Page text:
Home > history, Reflections, Safety > I will only hear “no” when I want to

I will only hear “no” when I want to

“Rape is not about sex,”
instructors explained.
“It’s about power. It’s
about taking power.”

Taking power:
this violence
expresses
itself
many
ways.

(If you will not
give me it, I
will seize it
from you.)

Bob: I need (to have sex with you/you to vote like me).

Ann: No, thanks. I know what I want, and it’s not that.

Bob: I told you what you have to do. Now do it. I need it.

Ann: No. No.

Bob: You won’t give it up? Fine, bitch. I’ll take it from you … because I’m bigger. And I can.

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  1. July 25, 2016 at 4:42 pm

    Sigh.
    And it is your fault I have to use violence. If you had just given me what I want/need I wouldn’t have to hurt you.
    Hiss and spit.

  2. July 25, 2016 at 5:00 pm

    And of course it’s not Bob’s fault because she made him do it. She triggered him to do it… Sickening…

    • July 25, 2016 at 5:02 pm

      “Sickening” is right.

      Every single time, that same story.

      • July 25, 2016 at 9:22 pm

        You would think at one point we all should learn and act differently…

  3. July 25, 2016 at 6:58 pm

    What about all those times when she gives it to him so he WON’T make her do it, so it WON’T be rape? :/

    • July 25, 2016 at 7:14 pm

      Whether or not the words “rape” or “force” are used, there is violent coercion present if threats are made implicitly or explicitly.

      Doing something terrible to avoid possibly worse consequence is not the same thing as “choice” borne of free will. The brute who creates that illusion of choice is no less a brute than one who did not. The sad thing is how common this brutality in private and public, and how hard it is for so many to identify because of how gentle a facade it can take–to bystander eyes–in any given moment.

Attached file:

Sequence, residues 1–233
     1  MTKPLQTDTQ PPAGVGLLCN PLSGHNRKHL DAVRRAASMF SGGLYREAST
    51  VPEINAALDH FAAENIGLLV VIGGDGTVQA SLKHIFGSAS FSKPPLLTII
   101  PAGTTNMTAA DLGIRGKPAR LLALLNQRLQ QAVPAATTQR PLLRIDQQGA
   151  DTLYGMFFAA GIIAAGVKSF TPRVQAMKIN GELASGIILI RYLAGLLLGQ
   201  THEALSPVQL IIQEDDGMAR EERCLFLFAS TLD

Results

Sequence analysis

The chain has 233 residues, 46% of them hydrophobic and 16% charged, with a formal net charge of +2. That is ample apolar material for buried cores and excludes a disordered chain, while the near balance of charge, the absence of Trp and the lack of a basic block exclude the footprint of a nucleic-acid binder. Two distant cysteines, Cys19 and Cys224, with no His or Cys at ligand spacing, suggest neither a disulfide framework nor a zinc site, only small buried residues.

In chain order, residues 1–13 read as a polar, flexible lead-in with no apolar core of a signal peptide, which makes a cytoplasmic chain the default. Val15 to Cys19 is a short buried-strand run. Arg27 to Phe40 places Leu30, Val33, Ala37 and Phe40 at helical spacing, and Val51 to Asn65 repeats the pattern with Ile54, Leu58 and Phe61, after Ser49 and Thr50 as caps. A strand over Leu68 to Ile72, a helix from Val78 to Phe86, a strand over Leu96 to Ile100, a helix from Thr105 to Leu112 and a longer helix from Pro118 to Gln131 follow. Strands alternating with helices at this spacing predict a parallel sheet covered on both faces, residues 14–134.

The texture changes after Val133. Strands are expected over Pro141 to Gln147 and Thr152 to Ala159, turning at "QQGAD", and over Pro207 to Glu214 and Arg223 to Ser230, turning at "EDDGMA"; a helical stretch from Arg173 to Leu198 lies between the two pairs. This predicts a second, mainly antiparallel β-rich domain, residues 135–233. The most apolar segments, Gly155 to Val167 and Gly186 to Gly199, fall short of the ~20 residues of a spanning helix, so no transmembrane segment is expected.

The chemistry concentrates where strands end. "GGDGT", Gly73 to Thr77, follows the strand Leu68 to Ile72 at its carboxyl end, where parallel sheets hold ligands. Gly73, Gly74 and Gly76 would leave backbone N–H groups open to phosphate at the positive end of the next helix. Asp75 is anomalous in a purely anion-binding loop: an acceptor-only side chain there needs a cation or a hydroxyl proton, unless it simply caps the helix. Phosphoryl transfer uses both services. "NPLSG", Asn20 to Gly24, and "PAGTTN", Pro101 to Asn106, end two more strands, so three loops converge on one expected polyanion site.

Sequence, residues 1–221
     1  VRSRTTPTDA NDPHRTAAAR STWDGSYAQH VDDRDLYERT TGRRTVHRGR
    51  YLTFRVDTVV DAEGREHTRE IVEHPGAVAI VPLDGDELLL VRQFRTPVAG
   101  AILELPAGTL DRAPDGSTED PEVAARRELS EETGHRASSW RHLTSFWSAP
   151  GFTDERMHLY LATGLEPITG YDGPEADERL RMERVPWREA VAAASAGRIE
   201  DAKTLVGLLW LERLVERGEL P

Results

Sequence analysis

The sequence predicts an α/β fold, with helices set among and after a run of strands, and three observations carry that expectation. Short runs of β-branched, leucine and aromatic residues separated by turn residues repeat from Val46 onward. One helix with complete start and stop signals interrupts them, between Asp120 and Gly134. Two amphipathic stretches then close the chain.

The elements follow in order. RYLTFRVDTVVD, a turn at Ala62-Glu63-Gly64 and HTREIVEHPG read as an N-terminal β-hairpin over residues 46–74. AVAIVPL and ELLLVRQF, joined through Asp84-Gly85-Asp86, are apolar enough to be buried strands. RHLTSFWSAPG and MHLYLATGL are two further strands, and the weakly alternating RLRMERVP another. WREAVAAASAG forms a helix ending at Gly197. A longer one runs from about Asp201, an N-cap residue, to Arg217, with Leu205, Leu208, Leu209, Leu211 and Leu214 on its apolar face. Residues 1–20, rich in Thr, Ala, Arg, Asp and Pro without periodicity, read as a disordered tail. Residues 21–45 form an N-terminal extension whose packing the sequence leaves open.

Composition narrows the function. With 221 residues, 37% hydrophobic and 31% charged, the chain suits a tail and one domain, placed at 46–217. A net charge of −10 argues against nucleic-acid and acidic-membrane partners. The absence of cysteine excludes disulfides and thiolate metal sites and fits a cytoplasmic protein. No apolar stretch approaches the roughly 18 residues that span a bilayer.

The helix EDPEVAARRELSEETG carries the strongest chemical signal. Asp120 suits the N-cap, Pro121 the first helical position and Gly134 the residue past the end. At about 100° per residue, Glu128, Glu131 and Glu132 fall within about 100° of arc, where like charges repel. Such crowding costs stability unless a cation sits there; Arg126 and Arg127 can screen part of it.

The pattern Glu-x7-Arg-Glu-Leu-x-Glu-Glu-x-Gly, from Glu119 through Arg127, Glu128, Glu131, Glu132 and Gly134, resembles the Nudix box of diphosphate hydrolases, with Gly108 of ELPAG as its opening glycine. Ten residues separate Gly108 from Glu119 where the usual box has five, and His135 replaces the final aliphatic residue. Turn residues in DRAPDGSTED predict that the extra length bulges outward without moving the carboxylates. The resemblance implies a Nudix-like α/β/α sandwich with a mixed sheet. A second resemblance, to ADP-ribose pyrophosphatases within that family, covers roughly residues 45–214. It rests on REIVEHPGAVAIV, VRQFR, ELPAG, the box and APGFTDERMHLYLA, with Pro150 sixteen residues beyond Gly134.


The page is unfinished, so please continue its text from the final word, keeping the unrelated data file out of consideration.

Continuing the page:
(I touched on one kind of not-actually-choice here.)

  4. July 26, 2016 at 2:41 am

    Why is it so many men think like that ~ and think it’s acceptable?

    • July 26, 2016 at 5:01 am

      I think they have learned it, as–sadly–have many women, who employ the same tactics, favoring their personal victory over hearing and respecting others. The Stanford rape sentencing fallout illuminated the extent of this to me; seeing, during a presidential election cycle, sex assault as only one expression of that violence has been profoundly uncomfortable but also illuminating in ways that will make me stronger after the discomfort passes. OTOH, exposure to this enhances my appreciation for men and women who don’t engage in these kinds of attempts to seize power. That’s love.

  5. July 28, 2016 at 10:01 am

    This hurts to read.
    This hurts to know.

  6. July 29, 2016 at 1:48 pm

    I’ve been watching some older TV shows lately (namely Frasier), and it has amazed and disgusted me at how that whole “ply her with alcohol to turn no into yes” was considered humor.

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